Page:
January 18, 2022
Business

Delegation examines oil futures Lawmakers may change electronic trading rules

AUGUSTA – Members of Maine’s congressional delegation are supporting legislation that would regulate the oil futures market the same way as other commodities, but some economists are skeptical of the proposals.

“What we are now discovering is that many traders are avoiding oversight by the Commodity Futures Trading Commission by over-the-counter or through international exchanges or by trading electronically,” Sen. Olympia Snowe said. “They could, single-handedly, contribute to raising oil prices per barrel $20 to $25. It could have anywhere from 30 to 50 cents a gallon increase for individuals.”

Snowe said she will push her legislation in the Finance Committee next month. The measure would close what she describes as a loophole in current laws. The large majority of energy trades occur on two markets, the New York Mercantile Exchange, which is regulated by the CFTC, and electronic exchanges such as the InterContinental Exchange, which are not. Most trading is on the InterContinental Exchange.

“If you make a trade on the New York Mercantile Exchange, a record is kept, an audit trail is there. But if you make a trade on an electronic trading platform, no records are kept, and there is no audit trail,” Snowe said. “Therefore manipulation and fraud are more difficult to discover. In essence, the federal government is blind. This is what we found in the California energy crisis.”

First District Rep. Tom Allen agrees. He is co-sponsor of similar legislation in the House, but he doubts it will be considered this session and thinks that if the issue moves forward it will be in the Senate.

“I don’t expect that it will move, but it is something that should happen,” he said. “It’s there for other commodities, I think it ought to be there for oil, particularly for the impact it has on our economy.”

Both measures would require commodity traders that are not reporting information to the CFTC to start following the same reporting requirements as those that do trade on the regulated exchange. Both the CFTC and the Justice Department could require the dealer to provide those records for inspection.

Commodity or futures trading is very different from most investments. When a person trades in futures, he does not actually buy or own anything. He is speculating on the direction the price of a particular commodity will take and can lose big as well as profit greatly.

“With gas prices at outrageous levels even one year after Hurricane Katrina and Rita devastated the Gulf Coast region, it is imperative that the Congress take action to ensure market prices for crude oil are not being unfairly manipulated,” Rep. Michael Michaud said.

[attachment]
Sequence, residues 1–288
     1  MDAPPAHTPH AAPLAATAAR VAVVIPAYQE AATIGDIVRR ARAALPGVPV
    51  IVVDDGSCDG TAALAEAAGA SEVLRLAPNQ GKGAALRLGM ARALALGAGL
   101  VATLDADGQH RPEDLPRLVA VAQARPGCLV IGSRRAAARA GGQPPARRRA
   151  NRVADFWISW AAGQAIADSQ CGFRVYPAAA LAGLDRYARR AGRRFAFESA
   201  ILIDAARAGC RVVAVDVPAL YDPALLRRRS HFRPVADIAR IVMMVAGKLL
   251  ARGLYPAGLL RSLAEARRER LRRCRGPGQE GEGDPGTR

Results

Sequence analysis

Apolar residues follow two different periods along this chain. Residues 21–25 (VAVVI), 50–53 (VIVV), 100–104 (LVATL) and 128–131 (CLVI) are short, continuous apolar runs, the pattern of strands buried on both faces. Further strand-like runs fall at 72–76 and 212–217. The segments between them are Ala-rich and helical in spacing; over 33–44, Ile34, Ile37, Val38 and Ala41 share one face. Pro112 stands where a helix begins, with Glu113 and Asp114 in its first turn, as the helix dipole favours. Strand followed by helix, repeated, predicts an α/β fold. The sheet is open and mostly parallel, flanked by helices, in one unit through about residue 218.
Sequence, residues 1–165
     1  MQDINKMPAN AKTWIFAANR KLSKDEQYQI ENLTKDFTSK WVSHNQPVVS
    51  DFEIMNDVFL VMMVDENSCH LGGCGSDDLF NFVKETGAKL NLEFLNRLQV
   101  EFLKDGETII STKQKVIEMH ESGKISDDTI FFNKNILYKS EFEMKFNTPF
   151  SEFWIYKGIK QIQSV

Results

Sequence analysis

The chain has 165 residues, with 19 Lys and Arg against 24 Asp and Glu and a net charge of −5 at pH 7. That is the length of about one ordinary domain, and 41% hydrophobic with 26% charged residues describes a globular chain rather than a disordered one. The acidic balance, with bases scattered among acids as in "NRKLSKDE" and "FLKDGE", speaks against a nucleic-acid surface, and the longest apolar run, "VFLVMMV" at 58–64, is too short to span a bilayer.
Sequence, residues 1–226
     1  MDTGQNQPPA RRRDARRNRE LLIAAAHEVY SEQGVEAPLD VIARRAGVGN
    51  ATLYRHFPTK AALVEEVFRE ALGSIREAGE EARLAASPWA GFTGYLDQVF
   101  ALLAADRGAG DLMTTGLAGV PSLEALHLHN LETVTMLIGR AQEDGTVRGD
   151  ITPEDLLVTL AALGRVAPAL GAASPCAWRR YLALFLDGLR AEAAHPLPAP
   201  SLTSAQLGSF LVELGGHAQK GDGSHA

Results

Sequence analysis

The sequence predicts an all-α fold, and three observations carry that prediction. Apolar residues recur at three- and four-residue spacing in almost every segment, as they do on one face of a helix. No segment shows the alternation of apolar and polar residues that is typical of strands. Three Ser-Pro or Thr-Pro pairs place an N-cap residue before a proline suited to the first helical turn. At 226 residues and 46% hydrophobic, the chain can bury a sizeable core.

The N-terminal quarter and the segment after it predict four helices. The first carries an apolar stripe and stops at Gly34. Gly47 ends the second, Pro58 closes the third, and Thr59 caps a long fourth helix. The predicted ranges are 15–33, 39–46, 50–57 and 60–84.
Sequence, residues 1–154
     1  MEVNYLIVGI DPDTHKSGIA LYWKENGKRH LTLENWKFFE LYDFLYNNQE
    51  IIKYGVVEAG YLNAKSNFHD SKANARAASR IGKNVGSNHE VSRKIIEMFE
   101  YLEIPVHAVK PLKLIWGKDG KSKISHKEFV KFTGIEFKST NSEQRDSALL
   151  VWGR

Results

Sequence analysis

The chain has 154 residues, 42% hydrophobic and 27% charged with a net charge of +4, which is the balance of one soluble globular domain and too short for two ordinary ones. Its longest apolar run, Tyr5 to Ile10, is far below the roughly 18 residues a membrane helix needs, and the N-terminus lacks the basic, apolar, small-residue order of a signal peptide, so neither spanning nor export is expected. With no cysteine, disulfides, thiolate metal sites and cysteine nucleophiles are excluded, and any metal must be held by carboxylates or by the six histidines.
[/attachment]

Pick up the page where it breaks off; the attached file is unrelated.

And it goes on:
He supports the measures and hopes Congress will act on the bills when they return to session next month.

“I strongly support that approach,” Sen. Susan Collins said. “But frankly, what I would rather see the Finance Committee concentrate on is to repeal the tax breaks that the oil and gas industry receives.”

Snowe said she has offered several proposals to repeal the oil industry tax breaks and said the tax breaks are certainly targets for repeal in the committee.

But while the delegation supports the regulatory effort, some economists are not sure that will address the problem of fluctuating oil prices that are reflected at the gas pump. Jim Hughes, an economics professor at Bates College in Lewiston, is not sure the measure will have an impact on oil prices.

“As it is the most heavily traded of global commodities, whatever you can’t do here, you can do in other world markets, so the capital will just flow elsewhere,” he said. “In and of itself, regulation of oil futures by the CFTC may or may not be a good idea.”

University of Maine economics professor Jonathan Rubin shares that opinion. He said having more “sunshine” in the trading of oil futures is good in his opinion, but whether that will result in lower oil prices is not certain.

“I really don’t expect that it will have any significant impact on oil prices,” he said. “Having more openness in trading is a good thing, but I don’t think that will have an impact on prices.”

Hughes said the futures market has been working properly. He suggested a better way to address the price issue would be policies that remove more of the risk from the marketplace.


Have feedback? Want to know more? Send us ideas for follow-up stories.

comments for this post are closed

You may also like